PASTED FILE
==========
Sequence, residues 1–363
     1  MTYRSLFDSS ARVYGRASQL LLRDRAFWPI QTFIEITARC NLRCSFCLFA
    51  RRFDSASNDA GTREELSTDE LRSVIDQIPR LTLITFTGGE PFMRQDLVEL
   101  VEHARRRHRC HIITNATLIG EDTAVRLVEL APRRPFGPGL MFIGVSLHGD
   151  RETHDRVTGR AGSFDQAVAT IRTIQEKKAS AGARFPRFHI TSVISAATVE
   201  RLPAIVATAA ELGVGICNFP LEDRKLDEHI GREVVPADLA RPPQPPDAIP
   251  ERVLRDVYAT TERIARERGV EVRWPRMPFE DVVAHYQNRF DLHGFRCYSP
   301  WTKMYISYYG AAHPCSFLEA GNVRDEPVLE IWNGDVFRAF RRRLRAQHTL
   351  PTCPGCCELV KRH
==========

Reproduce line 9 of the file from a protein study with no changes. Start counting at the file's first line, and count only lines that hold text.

   351  PTCPGCCELV KRH